This graphic novel (104 pages) was published in September of 2013 by SelfMadeHero. The book takes you to 1936 Athens, Greece. David read Rebetiko and loved it; it wouldn't be on our site if he didn't recommend it.
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If the idea of sitting in a Greek taverna — perhaps sipping on ouzo or Metaxa whilst listening to the lilting twisting melodies of the bouzouki, the infectious rhythms of the finger cymbals — is your idea of a good time, this is the story for you.
And if the idea of ne’er-do-well characters with a predilection for late nights, bitter thoughts, and an ax to grind is appealing, all the better.
Imagine living your entire life in the country you consider your home, to one day find yourself booted out, banished to a foreign country to live out your life in what feels like exile. That’s what happened to 1.5 million Greeks who were ‘denaturalized from their homelands’ — a.k.a., displaced from Turkey in the aftermath of World War I and the fall of the Ottoman Empire.
Now imagine the kind of music you’d make if that was your fate. It might sound something like the rebetiko music that flourished in the less-than-savory but undeniably enticing back alleys of Athens.
This lush graphic novel transports us back to an ordinary (but singular) day in 1936 Athens. Come, join a group of musician friends as they fight and smoke and play their way through the night to greet the sun together the next morning. They might not be the best company, but they are good company, and you’ll be hard-pressed not to be caught up in the allure of their night on the town.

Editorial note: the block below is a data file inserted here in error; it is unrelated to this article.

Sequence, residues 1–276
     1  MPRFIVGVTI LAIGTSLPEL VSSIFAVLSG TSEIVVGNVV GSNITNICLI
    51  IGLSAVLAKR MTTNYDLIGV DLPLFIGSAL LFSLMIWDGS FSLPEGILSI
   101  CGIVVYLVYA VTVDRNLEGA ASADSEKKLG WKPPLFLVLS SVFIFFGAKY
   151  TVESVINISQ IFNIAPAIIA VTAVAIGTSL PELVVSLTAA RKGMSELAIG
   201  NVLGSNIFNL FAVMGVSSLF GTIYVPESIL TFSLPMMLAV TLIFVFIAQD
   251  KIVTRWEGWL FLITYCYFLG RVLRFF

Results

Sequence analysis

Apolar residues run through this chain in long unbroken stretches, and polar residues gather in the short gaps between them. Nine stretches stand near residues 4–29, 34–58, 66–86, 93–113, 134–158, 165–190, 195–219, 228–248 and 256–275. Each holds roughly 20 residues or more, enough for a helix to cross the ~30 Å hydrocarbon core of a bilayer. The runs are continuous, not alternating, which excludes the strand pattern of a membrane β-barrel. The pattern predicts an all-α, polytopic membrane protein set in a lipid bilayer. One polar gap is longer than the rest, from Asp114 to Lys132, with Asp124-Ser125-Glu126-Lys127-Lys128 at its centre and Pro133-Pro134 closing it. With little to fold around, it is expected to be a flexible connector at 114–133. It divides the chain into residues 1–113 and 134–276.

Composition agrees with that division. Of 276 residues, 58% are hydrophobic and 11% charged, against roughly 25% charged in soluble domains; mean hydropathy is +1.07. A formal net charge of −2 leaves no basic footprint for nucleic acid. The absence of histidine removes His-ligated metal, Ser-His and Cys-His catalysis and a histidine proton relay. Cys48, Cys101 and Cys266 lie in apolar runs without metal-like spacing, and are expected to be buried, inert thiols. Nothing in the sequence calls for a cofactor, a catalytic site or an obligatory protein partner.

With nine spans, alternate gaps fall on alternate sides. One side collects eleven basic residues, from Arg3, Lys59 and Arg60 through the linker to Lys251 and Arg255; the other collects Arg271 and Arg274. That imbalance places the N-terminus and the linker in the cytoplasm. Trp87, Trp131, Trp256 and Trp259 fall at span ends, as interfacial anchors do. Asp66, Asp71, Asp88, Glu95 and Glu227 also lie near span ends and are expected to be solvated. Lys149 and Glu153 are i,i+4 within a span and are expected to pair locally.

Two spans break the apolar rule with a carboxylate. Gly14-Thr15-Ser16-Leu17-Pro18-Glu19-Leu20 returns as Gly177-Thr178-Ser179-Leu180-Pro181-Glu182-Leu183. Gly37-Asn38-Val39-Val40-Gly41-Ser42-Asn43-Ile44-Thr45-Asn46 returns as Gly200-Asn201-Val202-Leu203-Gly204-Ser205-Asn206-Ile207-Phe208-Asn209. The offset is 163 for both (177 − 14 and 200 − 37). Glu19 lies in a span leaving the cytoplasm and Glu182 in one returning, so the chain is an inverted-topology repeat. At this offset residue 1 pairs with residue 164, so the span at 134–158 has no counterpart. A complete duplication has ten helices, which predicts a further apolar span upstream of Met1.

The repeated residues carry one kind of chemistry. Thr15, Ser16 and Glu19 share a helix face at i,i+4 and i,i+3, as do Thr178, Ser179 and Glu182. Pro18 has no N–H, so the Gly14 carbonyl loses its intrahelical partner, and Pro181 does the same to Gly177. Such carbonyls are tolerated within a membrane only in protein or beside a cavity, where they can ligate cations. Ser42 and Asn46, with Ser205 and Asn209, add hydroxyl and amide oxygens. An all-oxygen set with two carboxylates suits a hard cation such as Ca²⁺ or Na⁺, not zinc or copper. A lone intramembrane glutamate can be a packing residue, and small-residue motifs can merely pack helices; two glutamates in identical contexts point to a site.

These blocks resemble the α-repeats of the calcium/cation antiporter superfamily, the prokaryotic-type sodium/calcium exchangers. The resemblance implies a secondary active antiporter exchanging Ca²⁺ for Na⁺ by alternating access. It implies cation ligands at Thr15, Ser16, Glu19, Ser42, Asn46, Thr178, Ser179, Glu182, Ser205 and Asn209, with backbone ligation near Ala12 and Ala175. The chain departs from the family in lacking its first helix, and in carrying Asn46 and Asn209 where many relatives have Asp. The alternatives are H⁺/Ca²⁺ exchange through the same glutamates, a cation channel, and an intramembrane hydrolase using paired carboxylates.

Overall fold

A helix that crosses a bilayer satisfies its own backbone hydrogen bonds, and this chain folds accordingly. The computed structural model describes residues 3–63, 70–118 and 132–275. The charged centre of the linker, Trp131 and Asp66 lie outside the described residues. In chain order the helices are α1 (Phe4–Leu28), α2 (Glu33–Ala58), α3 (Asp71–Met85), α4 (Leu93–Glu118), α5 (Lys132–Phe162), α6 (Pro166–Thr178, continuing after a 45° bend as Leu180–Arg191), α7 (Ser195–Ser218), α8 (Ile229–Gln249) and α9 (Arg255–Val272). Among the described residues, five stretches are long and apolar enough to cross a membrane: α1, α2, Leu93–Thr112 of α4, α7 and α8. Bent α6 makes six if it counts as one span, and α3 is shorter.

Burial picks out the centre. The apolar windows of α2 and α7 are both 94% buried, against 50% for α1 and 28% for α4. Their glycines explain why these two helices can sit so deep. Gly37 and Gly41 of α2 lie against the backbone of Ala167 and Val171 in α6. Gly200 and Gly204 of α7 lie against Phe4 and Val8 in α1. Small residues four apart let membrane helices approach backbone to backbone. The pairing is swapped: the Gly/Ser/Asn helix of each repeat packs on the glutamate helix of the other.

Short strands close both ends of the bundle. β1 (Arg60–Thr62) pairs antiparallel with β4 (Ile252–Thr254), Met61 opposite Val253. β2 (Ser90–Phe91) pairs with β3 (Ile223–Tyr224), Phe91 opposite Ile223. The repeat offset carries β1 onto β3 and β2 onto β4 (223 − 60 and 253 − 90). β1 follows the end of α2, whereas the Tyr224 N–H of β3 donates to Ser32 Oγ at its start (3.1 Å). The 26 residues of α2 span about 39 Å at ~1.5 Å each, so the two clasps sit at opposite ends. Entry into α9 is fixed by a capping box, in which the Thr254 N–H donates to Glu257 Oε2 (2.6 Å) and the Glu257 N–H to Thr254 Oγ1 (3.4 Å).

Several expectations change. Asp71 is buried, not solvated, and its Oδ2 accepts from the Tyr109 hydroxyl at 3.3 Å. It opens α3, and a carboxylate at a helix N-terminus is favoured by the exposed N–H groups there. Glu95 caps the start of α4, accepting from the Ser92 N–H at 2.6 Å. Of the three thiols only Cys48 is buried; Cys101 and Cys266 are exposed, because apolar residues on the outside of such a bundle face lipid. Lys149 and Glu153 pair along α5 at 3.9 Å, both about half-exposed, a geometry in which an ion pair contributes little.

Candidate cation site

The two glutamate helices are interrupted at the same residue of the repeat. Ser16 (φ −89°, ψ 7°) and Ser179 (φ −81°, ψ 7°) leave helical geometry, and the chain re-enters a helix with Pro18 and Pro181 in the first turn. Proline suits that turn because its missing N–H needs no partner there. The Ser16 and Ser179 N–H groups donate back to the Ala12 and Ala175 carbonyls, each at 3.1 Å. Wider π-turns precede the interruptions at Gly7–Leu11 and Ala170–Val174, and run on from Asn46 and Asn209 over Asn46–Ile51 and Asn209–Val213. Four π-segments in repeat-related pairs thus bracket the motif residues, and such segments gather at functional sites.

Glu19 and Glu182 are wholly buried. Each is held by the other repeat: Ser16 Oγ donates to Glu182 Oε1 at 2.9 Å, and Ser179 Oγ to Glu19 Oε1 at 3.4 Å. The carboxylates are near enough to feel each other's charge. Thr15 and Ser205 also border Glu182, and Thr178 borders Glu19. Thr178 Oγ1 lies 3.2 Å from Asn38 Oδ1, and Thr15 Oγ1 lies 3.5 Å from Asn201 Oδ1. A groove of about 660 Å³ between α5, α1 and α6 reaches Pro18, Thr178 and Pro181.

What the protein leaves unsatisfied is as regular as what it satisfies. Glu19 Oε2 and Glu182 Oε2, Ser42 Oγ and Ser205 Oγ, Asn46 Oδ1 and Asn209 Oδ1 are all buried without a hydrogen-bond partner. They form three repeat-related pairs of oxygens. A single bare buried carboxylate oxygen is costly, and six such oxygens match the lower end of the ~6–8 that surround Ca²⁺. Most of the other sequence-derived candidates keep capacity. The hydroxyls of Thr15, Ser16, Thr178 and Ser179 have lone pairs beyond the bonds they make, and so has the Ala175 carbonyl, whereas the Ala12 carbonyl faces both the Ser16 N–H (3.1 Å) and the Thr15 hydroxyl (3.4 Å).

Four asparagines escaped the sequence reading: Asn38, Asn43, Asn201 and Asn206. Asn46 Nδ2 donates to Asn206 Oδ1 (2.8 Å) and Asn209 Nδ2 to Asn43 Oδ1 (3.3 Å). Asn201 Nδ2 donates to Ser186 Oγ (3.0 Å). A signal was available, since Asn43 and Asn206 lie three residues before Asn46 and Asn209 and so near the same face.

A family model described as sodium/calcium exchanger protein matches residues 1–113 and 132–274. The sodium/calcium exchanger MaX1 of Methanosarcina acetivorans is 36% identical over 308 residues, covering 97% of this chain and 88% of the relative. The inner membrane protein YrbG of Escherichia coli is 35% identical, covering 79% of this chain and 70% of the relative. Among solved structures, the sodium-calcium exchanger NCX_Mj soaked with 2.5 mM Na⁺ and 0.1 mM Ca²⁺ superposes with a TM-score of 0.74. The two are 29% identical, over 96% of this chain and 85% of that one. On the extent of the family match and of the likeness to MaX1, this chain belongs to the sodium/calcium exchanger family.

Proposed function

Are there police involved? Oh, yes. Are questionable decisions made? Definitely. Will you be glad to experience the dancing, the conflicts, the bitterness, and the elation of music vicariously? Undoubtedly.
Author and illustrator David Prudhomme won the Best Graphic Novel of 2010 title from Lire Magazine for this compelling story with wildly imperfect but somehow sympathetic characters. The art is graceful and mature; the story is as seductive as the music it represents.
I am not Greek, much less a musician… but since I discovered this music called ‘rebetiko,’ I have been caught up in its world and the free spirit that sustains it. At first I was intrigued by the milieu in which rebetiko developed in the bad neighborhoods, prisons and hash dens, in the ports of Piraeus, Phessaloniki, and Athens. Then I was blown away by the personalities of the musicians… these rough songs, shared by the pariahs in the heart of the slums, turned everything upside down… — David Prudhomme
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